Des Plaines council backs plan making developers pay for parks

 
 
Updated 4/19/2017 9:29 AM
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  • A proposed four-story, 236-unit apartment complex at 150 N. East River Road named Covington Lexington Woods would be the first to pay impact fees for new parks under a measure that won preliminary approval from the Des Plaines City Council on Monday.

    A proposed four-story, 236-unit apartment complex at 150 N. East River Road named Covington Lexington Woods would be the first to pay impact fees for new parks under a measure that won preliminary approval from the Des Plaines City Council on Monday. Courtesy of Des Plaines

Des Plaines aldermen gave preliminary approval Monday to a measure that would charge residential developers fees to create more park space as the city faces a dwindling supply of open real estate.

With several residential developments sprouting up across the city and more on the way, the city and Des Plaines Park District want builders to either incorporate green space into projects or pay fees to fund new parks.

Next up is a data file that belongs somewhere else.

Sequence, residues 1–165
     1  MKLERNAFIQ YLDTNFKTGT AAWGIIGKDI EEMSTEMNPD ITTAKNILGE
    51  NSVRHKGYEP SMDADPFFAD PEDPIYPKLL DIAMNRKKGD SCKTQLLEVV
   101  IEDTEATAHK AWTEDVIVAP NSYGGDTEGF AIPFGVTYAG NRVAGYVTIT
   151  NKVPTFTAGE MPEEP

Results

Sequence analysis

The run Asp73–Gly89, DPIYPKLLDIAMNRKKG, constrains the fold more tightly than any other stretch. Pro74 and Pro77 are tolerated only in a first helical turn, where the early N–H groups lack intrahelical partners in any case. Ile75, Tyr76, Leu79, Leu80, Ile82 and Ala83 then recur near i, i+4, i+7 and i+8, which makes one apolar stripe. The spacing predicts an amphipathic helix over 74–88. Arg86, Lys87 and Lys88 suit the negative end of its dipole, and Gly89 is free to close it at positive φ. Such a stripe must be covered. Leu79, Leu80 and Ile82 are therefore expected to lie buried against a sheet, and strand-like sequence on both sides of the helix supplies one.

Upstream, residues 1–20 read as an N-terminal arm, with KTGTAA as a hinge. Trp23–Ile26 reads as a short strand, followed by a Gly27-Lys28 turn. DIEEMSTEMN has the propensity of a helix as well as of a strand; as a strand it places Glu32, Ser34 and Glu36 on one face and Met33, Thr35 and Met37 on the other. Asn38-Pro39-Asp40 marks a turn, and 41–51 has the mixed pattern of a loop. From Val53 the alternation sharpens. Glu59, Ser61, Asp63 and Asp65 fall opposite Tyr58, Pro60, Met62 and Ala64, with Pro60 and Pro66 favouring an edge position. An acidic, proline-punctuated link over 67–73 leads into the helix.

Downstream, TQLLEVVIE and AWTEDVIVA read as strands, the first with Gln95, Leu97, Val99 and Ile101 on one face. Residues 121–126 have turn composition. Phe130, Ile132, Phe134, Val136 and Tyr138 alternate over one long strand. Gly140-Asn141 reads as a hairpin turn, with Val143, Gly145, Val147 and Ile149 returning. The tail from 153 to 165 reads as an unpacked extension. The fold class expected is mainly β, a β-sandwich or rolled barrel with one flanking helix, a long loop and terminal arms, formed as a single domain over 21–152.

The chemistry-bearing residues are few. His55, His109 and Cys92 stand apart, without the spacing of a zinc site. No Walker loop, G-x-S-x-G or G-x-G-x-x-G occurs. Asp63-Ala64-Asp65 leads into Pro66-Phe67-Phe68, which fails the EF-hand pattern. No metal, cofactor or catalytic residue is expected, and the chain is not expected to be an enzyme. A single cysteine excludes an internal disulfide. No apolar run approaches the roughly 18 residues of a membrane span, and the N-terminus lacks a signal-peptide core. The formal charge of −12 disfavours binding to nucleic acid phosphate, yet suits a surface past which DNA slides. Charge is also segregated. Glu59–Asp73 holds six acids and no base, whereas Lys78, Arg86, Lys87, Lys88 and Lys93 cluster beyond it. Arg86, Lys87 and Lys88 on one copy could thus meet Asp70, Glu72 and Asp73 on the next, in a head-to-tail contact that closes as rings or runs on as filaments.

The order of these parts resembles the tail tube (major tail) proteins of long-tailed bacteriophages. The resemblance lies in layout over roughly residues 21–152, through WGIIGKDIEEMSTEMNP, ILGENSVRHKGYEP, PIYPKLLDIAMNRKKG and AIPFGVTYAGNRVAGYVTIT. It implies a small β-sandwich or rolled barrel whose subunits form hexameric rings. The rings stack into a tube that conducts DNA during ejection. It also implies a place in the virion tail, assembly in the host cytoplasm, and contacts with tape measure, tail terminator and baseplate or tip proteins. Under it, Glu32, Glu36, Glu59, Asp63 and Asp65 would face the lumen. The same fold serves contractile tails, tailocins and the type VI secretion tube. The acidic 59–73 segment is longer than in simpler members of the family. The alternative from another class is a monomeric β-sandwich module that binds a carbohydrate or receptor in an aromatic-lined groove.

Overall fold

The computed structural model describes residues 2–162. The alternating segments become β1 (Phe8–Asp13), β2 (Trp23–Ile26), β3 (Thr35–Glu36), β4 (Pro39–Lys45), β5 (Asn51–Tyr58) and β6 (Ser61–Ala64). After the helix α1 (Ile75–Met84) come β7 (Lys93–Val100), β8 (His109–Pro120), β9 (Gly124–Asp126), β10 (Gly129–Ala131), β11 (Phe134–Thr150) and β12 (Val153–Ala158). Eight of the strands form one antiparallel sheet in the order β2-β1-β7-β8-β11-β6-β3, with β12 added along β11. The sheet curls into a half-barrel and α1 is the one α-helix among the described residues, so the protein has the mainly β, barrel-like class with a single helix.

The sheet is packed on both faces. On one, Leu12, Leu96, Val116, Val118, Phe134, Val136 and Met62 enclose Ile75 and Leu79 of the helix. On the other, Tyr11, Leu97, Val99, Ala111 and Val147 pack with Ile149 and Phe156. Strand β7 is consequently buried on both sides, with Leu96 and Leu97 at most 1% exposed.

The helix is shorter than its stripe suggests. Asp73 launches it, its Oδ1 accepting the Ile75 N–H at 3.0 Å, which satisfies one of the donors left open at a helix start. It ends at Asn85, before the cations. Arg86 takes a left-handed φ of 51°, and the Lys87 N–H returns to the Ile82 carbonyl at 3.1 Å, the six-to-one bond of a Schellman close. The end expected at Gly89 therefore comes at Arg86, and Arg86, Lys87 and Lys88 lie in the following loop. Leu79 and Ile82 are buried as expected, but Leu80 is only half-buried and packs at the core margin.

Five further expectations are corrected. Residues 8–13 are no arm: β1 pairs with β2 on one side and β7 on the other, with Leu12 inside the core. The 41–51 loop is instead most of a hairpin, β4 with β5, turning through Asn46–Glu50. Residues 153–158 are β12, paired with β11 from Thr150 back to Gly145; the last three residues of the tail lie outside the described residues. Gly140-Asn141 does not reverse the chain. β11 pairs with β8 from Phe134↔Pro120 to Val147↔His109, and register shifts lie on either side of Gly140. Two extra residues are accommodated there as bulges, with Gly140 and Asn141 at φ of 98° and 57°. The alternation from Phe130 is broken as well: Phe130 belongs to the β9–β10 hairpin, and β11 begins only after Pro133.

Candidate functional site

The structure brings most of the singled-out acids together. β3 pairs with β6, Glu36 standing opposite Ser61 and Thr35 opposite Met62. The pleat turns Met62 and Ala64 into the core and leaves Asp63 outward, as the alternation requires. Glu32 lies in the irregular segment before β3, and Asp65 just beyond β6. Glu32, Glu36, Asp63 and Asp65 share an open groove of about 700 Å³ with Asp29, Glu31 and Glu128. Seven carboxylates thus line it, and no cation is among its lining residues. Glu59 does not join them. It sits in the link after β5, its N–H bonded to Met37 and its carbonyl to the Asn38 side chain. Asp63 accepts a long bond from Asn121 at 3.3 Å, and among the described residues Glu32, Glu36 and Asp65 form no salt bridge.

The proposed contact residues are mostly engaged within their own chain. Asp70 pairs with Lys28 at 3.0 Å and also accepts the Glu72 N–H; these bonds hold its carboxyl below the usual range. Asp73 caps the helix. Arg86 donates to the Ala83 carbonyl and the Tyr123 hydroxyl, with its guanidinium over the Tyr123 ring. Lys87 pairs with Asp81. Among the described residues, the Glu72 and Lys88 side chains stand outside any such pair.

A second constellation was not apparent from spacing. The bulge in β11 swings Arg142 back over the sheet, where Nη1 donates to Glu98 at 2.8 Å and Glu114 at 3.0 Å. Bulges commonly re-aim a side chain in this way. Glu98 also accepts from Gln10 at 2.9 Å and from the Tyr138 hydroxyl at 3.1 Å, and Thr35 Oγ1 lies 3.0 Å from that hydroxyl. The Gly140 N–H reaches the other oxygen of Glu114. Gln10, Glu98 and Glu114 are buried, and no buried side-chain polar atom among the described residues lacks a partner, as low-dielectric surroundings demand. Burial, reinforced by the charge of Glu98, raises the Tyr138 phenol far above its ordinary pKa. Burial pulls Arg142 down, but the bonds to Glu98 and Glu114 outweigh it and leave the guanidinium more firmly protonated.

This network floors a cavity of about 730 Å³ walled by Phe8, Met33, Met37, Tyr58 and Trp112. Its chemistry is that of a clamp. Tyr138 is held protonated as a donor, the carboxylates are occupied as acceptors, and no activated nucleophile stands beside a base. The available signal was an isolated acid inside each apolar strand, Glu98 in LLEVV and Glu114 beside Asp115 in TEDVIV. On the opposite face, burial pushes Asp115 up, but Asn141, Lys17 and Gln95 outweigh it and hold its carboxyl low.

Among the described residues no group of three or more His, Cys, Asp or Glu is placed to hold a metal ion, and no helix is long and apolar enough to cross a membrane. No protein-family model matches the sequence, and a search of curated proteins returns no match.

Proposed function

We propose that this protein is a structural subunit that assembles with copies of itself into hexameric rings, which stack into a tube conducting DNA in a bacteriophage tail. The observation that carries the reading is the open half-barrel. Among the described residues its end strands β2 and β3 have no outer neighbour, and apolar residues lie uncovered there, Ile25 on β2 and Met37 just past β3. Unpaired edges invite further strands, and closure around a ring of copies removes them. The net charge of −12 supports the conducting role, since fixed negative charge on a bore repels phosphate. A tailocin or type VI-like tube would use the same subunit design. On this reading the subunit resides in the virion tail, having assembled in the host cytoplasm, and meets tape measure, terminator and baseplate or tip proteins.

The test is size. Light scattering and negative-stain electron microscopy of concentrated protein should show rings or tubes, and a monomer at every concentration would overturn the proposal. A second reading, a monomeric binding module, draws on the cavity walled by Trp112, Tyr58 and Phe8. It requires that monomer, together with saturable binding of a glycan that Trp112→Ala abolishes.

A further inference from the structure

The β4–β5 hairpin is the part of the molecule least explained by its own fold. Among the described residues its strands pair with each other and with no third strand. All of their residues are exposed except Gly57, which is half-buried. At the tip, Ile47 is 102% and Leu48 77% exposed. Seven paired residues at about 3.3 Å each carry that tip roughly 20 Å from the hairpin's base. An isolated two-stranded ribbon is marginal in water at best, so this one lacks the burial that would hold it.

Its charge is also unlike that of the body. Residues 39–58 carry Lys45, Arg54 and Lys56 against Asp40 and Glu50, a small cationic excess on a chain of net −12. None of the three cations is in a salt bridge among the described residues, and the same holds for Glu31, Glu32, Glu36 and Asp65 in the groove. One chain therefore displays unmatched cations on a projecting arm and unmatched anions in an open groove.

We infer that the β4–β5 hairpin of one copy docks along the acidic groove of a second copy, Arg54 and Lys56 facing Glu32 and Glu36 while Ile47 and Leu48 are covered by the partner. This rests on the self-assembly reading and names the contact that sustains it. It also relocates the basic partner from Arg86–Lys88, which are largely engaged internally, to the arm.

The plan, unanimously passed Monday in the first of two required votes, applies to developments with 15 or more units. Under the plan, developers must either provide 5.5 acres of land per 1,000 new residents generated, pay a fee in lieu of providing land, or a combination of both. The formula assumes a land value of $200,000 per acre.

The city is below the national average for park space. Park and recreation agencies typically provide about 9.5 acres per 1,000 residents, according to the National Recreation and Park Association. Des Plaines' rate is about 5.5 acres per 1,000 residents. Nearby communities have about 7.3 acres per 1,000 residents, according to the city.

The new fee system will soon be put to the test. In a separate vote Monday, aldermen gave initial approval to a four-story, 236-unit apartment complex at 150 N. East River Road called Covington Lexington Woods.

Under the fee formula, the developer would be required to pay about $488,000. However, the total payment could be reduced to about $400,000 because the apartment complex would get credits for including a swimming pool and bike path connected with the Cook County Forest Preserve District.

Des Plaines would not be the first northwest suburban community to enact land fees. Arlington Heights, Buffalo Grove, Wheeling and Hoffman Estates each have various systems for charging residential developers land impact fees.

Both measures are set to be approved at the next city council meeting May 1.

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